Everyone has probably heard of a Net Promoter Score (NPS), the popular measure of customer loyalty. But many people who know it’s important still aren’t sure what it really means, how it is calculated, or what is considered a good or bad score.
What is Net Promoter Score?
Net Promoter Score is a way for companies to measure customer loyalty. The method for measuring a company’s NPS is actually pretty simple. In fact, only a single question is asked. On a scale of zero to ten, how likely are you to recommend product/service X to a friend? It seems really easy.
You may have noticed, however, that when companies report their NPS, they use numbers like 40 or -10. We’re very proud of our +60 score, and wanted to dive down into how the original ratings on a scale of zero to ten get calculated into an NPS. So, what does that rating really mean?
Sorting the 😊, ☹️, & 😐
First, a little background will be helpful. Once customers rate how likely they would be to recommend a product or service, they get divided into three groups:
Detractors are those respondents who answered with an NPS rating anywhere from zero to six. They are the dissatisfied customers who are complaining on Facebook. Anyone giving an answer of seven or eight is in the passive category. These people aren’t unhappy, but they aren’t happy either. If they see a similar product with competitive offerings, they are likely to switch providers.
It is only those who rated their likelihood of recommendation as a nine or a ten who are considered promoters. This may seem like a skewed way of dividing people, but if you think about it the divisions make sense. If you asked a friend how they would rate a restaurant and they gave it a six, for example, chances are you are never going to try that restaurant. Even a seven or eight likely wouldn’t get you in the door. When we look to others for suggestions, we want their nines and tens.
Crunching the Numbers: Net Promoter Score Calculation
The next step is where the magic happens. The passive population gets ignored at this point. These people don’t have positive or negative feelings about the product. They are neutral, and hence don’t affect the score. What’s important is the percentage of respondents who are detractors and the percentage who are promoters. Take the percentage of promoters, subtract the percentage of detractors, and the result is that company’s NPS.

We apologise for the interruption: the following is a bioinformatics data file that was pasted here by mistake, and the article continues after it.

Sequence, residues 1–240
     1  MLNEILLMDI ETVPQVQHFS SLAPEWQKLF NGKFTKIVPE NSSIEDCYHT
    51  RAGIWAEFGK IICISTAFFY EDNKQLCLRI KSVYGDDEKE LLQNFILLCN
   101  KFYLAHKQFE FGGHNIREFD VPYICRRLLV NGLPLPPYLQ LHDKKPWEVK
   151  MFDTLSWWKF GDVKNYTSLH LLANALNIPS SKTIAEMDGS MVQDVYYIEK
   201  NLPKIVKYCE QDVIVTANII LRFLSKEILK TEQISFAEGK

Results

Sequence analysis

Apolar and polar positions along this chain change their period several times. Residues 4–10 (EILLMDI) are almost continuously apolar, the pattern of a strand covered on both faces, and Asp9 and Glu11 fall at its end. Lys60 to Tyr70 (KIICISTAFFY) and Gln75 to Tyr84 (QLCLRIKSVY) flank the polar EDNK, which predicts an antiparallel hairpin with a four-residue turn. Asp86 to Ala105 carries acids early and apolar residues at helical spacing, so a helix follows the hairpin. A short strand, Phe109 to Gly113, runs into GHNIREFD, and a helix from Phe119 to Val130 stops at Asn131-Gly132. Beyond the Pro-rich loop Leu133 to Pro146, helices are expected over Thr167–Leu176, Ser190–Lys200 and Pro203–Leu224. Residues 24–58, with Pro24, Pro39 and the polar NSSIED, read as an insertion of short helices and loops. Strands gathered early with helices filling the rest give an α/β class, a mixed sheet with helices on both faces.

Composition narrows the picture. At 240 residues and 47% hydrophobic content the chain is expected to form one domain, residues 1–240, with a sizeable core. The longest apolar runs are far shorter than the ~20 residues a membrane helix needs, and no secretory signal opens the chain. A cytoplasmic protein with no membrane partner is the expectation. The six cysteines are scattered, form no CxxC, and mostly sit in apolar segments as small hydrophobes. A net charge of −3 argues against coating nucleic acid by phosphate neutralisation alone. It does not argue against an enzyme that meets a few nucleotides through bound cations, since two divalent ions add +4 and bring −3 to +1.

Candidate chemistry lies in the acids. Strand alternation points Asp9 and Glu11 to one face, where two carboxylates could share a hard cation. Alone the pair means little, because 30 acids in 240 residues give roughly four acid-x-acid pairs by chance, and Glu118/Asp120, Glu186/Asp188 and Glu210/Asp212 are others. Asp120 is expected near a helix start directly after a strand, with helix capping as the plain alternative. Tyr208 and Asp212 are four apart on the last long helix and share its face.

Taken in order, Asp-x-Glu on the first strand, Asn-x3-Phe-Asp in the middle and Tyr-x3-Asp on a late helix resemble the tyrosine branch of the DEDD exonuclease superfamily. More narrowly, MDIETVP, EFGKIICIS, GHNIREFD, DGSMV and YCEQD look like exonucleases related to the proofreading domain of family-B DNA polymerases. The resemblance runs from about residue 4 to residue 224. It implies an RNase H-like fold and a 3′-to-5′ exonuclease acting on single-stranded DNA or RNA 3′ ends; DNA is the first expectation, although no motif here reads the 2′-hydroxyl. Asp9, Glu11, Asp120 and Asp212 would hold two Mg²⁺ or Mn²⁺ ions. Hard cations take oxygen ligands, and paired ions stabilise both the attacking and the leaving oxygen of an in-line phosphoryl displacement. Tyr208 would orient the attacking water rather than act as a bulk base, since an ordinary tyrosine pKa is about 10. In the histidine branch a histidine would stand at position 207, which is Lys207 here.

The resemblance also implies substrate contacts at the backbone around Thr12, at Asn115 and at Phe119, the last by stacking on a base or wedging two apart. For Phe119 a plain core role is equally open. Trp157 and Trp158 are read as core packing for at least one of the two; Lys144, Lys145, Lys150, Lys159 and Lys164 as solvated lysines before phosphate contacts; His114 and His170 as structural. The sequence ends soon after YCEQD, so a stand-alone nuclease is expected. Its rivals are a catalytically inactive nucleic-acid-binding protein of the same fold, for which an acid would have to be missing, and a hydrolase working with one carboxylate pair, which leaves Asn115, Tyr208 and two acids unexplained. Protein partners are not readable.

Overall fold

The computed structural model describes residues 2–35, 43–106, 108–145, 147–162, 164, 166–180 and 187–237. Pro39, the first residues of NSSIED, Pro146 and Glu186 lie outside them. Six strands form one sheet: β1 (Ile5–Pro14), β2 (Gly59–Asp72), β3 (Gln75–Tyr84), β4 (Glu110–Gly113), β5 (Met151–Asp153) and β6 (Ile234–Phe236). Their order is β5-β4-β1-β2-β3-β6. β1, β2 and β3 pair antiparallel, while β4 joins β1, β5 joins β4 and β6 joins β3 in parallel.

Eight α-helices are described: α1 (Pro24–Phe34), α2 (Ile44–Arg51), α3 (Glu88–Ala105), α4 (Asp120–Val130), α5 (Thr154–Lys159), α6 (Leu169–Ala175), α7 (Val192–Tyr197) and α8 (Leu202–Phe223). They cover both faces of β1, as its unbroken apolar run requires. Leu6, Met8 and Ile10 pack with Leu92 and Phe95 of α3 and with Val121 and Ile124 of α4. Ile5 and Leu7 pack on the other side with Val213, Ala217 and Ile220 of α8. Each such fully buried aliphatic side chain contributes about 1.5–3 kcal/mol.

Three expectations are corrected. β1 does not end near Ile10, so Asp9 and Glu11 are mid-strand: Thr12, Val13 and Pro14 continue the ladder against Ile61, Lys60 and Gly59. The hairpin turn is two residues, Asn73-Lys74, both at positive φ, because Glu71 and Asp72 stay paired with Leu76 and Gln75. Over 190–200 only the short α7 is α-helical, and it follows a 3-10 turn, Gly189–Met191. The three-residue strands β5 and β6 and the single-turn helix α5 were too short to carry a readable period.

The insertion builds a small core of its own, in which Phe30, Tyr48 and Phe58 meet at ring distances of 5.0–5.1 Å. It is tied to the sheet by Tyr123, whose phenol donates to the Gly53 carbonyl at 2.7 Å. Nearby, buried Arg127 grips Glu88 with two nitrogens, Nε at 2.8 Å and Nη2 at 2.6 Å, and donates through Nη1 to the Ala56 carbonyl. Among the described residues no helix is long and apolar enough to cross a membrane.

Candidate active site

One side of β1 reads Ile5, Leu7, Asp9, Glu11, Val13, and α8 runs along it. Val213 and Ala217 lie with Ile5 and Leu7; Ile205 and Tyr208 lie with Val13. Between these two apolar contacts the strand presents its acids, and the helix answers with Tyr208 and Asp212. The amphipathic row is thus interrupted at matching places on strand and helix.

What is a Good Net Promoter Score?
What is considered a good score versus a bad score depends a lot on what kind of company you’re talking about. The average NPS for a grocery store is 36, while the average NPS for a cable provider is (unsurprisingly) three. Depending on the sector you’re considering, an NPS of 20 could be great, or it could be lousy. It’s important to compare apples to apples when looking at NPS.
How Are We Doing?
At Katabat, we look at scores of other tech vendors, software firms, and SaaS companies to determine how we measure up when it comes to customer loyalty. The average NPS of tech providers is 21. For software firms the average is higher at 34. B2B SaaS companies have the highest average NPS at 40. It’s nice to be operating in an industry where customers end up satisfied.
Our +60 NPS would be excellent in any sector. This score means that when asked how likely they would be to recommend Katabat to a friend, almost two thirds of our customers gave an answer of nine or ten. GrowthScore, a provider of NPS software, recently reported that only the best B2B SaaS providers have an NPS above 55.
At Katabat, we pride ourselves on how we treat and serve our customers. After all, as digital collections software provider our mission is focused on excellent customer experiences. We want our customers to be happy and loyal just as much as we want your customers to be happy and loyal. And while we are proud of our NPS, we are always striving to be even better.
Do you share our passion for converting neutral customers into enthusiastic promoters? Let’s talk about how great customer experiences can boost your revenue at email@example.com.